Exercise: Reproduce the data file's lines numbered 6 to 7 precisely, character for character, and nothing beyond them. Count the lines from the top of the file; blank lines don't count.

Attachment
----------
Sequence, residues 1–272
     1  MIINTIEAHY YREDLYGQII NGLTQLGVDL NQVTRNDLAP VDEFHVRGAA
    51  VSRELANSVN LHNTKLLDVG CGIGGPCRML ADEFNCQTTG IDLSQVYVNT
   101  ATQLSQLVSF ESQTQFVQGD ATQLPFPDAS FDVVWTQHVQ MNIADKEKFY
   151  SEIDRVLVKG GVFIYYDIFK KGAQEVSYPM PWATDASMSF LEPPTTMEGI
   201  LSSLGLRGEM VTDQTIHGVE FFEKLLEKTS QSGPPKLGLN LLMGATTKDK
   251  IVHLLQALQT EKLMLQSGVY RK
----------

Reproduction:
   201  LSSLGLRGEM VTDQTIHGVE FFEKLLEKTS QSGPPKLGLN LLMGATTKDK
   251  IVHLLQALQT EKLMLQSGVY RK